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Phelps Fells Lochte Over 200m Back

Aug 2, 2007  - Craig Lord

To have been born a composer when Mozart sat at the keys, a painter of ceilings when Michaelangelo hung from the roof, a warrior when Alexander The Great marched out, a rock group when The Beatles set the beat, a swimmer when Michael Phelps parted the waves.

A curse of timing? Or perhaps a blessing that brings out the best in you? Whatever the answer, there is no escaping the man who forces the question on his rivals with every stroke he takes.

It was Ryan Lochte's turn to take the wrap on day two of the US nationals in Indianapolis: Phelps stopped the clock at 1:54.65 over 200m backstroke, just 0.33sec outside the world record and the third fastest time ever (behind Aaron Peirsol's former world record).

Not that Lochte had chosen the moment to compete to quyite the same standard as he did back at Melbourne 2007: behind Phelps, his Club Wolverine teammate Chris DeJong, in 1:56.75, and Peirsol's Longhorn Aquatics' teammate David Cromwell, on 1:57.43. Lochte took fourth in 1:59.11. Compensation was the survival of his world record.

"Going into the last 50 I actually knew what the pace was - I knew it was 1:25 flat," Phelps said through USA Swimming. "The thing I wanted to see was a 1:24, so when it said 1:25 I thought, 'This isn't good.' The last 25 I started to tighten up so, I didn't get [the world record]. But that's what keeps me hungry - being so close to something and not getting it."

More of the finest fine-tuning to come, then, from Bob Bowman, Phelps's coach, who at 10 learned to play the piano. At 12, his father took him to watch a swim meet at the University of South Carolina. On the blocks was Tracy Caulkins, the model you might say on which Phelps's achievements were founded. She set the US 200m medley record that day. "It was like hearing an orchestra for the first time," Bowman told reporters at the Santa Clara meet in California recently.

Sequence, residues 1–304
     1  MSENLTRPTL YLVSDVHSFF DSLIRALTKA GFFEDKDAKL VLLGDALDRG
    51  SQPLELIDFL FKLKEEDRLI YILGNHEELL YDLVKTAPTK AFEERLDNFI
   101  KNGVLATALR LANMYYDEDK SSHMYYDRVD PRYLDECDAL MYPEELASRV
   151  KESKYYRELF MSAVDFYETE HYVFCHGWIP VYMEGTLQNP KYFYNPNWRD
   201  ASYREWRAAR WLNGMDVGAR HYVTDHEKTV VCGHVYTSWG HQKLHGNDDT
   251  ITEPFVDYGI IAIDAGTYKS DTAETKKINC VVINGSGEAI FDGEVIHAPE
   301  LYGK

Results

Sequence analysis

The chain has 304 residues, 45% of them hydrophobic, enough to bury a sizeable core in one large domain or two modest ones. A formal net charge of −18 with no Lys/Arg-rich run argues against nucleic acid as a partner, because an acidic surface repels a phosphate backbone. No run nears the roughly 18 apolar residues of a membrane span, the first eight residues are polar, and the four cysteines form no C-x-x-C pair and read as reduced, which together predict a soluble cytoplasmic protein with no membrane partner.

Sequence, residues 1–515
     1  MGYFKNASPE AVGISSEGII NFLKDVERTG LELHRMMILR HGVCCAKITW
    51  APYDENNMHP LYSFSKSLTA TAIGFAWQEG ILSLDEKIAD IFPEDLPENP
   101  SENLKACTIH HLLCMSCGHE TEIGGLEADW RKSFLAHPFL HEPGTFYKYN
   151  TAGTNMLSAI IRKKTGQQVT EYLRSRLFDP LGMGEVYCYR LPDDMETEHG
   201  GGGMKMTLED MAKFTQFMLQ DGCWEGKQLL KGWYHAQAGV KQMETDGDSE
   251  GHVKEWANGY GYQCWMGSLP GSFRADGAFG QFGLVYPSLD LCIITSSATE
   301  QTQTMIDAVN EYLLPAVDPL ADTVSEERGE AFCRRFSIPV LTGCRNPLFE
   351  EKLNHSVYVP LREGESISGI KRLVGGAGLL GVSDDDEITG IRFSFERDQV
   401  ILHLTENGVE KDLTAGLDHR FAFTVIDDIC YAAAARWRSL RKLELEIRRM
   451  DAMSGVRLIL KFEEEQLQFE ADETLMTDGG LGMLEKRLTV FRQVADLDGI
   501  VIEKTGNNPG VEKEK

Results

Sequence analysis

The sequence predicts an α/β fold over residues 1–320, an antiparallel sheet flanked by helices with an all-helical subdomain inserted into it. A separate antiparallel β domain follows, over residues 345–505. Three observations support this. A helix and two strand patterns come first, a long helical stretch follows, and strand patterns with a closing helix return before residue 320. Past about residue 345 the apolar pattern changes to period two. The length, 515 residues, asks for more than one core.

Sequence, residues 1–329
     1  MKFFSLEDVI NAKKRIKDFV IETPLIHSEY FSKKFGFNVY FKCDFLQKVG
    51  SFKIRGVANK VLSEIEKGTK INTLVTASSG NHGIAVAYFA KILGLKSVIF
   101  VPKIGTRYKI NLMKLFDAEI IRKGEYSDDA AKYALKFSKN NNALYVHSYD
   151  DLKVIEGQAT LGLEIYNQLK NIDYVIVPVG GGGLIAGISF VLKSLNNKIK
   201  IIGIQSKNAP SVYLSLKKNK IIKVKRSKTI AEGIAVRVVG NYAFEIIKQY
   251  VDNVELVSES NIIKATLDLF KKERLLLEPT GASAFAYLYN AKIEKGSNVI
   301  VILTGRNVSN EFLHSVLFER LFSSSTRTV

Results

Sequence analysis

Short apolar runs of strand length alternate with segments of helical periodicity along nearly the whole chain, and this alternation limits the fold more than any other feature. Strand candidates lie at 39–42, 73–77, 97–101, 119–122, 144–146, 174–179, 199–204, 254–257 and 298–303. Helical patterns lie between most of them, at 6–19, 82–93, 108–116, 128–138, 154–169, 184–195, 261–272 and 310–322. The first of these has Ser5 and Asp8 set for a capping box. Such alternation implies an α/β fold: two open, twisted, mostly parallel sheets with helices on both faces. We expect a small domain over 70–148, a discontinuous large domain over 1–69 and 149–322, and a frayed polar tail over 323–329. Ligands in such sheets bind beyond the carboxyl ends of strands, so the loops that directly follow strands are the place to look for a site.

Meantime, Lochte did not home home without having stood on the podium, however. He took the 40m medley title in 4:13.55, in Phelps's absence. Champion over 30 laps, Erik Vendt took second in 4:15.84, with Eric Shanteau claiming bronze in 4:16.29.

The 100m freestyle saw 40-year-old Dara Torres take the fifth 100m freestyle title of her long career. In 54.45, Torres has a little way to go before she could be considered a danger to the women now making mid 53s a habit but the oldest swimmer in the world's elite pool was delighted at being back in the race: "It's great to be back swimming and racing. It was the first time racing and swimming against this new batch of girls. You can't put an age on your dreams. I never thought I would be back here. I especially wasn't thinking it after 2000. It's a great feeling. I don't feel like I'm 40. I am excited to be here. The next step is to get ready for my 50 [on Saturday]."

Behind her, Amanda Weir and Dana Vollmer on 54.79 and 54.95 respectively.

David Walters clocked 48.96 over 100m freestyle to take his first US title ahead of South African Ryk Neethling, on 48.98, and Nick Brunelli, on 49.04.

Like former clubmate Phelps, world medley champion Katie Hoff steered clear of the 400m in favour of taking on the challenge of 200m backstroke. In 2:10.31 the title was hers, ahead of Mary Descenza, on 2:11.26, and Katie Riefenstahl, on 2:11.67, which edged out Teresa Crippen, on 2:11.79.

Without Hoff, the 400m medley crown went to Caitlin Leverenz, on 4:40.81, ahead of Kathleen Hersey 4:42.25, a touch ahead of Julia Smit, on 4:42.37.

From day one in Indianapolis, we reported on the powerful win over 200m breaststroke by Rebecca Soni. Many thanks to the reader who pointed us in the direction of a story with a fascinating twist: Soni has recently had surgery for a heart condition.